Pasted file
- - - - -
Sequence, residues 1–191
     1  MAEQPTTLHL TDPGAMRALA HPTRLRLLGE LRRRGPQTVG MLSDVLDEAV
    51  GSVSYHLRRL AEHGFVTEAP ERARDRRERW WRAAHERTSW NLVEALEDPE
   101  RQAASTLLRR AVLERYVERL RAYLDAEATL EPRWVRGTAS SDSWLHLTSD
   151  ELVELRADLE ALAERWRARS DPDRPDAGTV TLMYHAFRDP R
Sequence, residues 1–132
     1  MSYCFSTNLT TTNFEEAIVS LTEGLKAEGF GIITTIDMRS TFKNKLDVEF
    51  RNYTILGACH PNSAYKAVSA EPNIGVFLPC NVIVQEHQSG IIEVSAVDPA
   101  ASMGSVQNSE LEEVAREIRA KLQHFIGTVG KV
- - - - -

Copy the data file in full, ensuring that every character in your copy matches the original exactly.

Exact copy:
Sequence, residues 1–191
     1  MAEQPTTLHL TDPGAMRALA HPTRLRLLGE LRRRGPQTVG MLSDVLDEAV
    51  GSVSYHLRRL AEHGFVTEAP ERARDRRERW WRAAHERTSW NLVEALEDPE
   101  RQAASTLLRR AVLERYVERL RAYLDAEATL EPRWVRGTAS SDSWLHLTSD
   151  ELVELRADLE ALAERWRARS DPDRPDAGTV TLMYHAFRDP R
Sequence, residues 1–132
     1  MSYCFSTNLT TTNFEEAIVS LTEGLKAEGF GIITTIDMRS TFKNKLDVEF
    51  RNYTILGACH PNSAYKAVSA EPNIGVFLPC NVIVQEHQSG IIEVSAVDPA
   101  ASMGSVQNSE LEEVAREIRA KLQHFIGTVG KV